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Three in four consumers say food impacts their mental well-being, survey finds

Dive Brief:

  • Three in four consumers (74%) say their mental health and well-being is impacted by their food and beverage choices — with 51% saying stress led them to consume less healthy foods in the past six months — according to the International Food Information Council’s 2023 Food and Health Survey.
  • A majority of Gen Zers and millennials are getting food and nutrition information from social media, with six in ten consumers surveyed by IFIC reporting they have made healthier food purchasing choices because of it. However, the study found, 68% of people from all age groups said they had seen conflicting information about what foods to eat or avoid.
  • IFIC’s online survey of 1,000 adults found that six in 10 U.S. adults say they are very or somewhat stressed. Gen Zers and millennials were more likely to report stress, which other recent research has indicated.

Dive Insight:

Consumer perception of how the food they eat affects their everyday lives continues to evolve.

For years, better-for-you products have ballooned in popularity as consumers pay closer attention to nutrition labels. With their proliferation in the CPG space, consumers are often willing to pay more for food items they believe will benefit their health.

In the annual survey of 1,022 U.S. adults conducted at the beginning of April, consumers cite healthfulness of food is increasing as a purchase driver, with 62% of those surveyed listing it as important. Fifty-five percent of respondents said they always or often look at labels when shopping at grocery stores.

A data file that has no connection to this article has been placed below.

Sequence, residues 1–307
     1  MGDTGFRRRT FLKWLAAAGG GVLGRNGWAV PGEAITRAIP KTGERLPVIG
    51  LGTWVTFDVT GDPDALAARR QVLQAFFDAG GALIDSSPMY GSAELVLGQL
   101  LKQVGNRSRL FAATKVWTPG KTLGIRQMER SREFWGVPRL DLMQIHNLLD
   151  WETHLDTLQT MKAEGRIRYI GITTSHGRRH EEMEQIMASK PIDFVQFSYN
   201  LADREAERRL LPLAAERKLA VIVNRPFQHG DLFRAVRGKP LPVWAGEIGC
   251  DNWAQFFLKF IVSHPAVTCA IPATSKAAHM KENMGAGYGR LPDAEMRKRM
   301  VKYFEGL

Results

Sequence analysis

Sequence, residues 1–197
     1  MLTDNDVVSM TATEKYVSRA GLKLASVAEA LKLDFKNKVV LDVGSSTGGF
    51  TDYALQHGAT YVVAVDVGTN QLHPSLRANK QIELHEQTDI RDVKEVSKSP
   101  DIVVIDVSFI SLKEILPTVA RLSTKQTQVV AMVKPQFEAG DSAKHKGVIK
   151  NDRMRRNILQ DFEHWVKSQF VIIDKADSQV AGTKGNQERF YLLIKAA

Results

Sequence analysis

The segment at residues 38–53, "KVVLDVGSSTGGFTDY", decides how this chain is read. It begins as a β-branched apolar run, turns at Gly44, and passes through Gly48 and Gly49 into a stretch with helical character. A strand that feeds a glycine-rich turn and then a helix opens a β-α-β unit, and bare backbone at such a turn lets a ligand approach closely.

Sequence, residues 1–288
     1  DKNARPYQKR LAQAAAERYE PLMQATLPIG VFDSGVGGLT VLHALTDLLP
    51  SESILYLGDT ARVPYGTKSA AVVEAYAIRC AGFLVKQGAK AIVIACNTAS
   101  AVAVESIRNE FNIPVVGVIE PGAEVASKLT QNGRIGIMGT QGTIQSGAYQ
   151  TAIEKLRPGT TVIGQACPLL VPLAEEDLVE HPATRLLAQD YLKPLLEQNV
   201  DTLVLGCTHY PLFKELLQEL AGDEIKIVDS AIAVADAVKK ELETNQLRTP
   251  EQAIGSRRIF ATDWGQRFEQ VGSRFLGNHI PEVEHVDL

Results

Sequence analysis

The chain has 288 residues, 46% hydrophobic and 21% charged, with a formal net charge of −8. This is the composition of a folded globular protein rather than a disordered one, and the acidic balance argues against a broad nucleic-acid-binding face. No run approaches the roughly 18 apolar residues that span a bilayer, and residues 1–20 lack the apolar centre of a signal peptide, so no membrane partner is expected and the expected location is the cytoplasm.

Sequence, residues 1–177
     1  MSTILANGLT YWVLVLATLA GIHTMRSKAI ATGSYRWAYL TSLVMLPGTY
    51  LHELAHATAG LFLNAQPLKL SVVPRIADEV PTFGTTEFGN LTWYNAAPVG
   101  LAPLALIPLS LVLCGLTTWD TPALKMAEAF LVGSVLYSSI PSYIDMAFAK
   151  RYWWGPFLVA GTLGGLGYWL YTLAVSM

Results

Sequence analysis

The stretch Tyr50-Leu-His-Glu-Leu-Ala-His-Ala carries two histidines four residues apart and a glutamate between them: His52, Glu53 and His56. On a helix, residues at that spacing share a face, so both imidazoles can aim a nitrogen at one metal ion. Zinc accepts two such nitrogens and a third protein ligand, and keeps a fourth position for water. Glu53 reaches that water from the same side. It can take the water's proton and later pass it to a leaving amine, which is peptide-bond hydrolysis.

IFIC found consumers most often define healthy food through its freshness, sugar, protein, nutrient and sodium content. However, 54% acknowledged that they know little to nothing about the Dietary Guidelines for Americans.

Energy and weight loss were listed as the most important nutrition benefits among Gen Zers, millennials and Gen Xers, while baby boomers are most focused on anti-aging.

While many companies tout their products’ nutritional benefits, some critics have questioned the industry’s efforts. In a study published last fall, the Access to Nutrition Initiative found the 11 largest food and beverage companies had not made enough progress on making food more nutritious, affordable and accessible to consumers.

While many consumers are focused on nutrition, the information they are receiving about the health and wellness attributes of food products varies. Sixty-seven percent of respondents said they trust the information they see on social media a lot or a little, with Facebook, YouTube and Instagram being the platforms on which they see nutrition content most often. But conflicting information on food products’ nutrition can lead to confusion. Roughly the same number of consumers said social media makes them doubt their food selections as those who feel it helps them make good choices.

Cost has become a significant factor in food choices, given the continued inflationary environment at grocery stores. Forty-seven percent of those surveyed said they have cut back on non-essential food and beverage products, chosen brands that are less expensive and purchased less premium food products. More than a quarter of respondents said they have made less healthy decisions due to food costs. 

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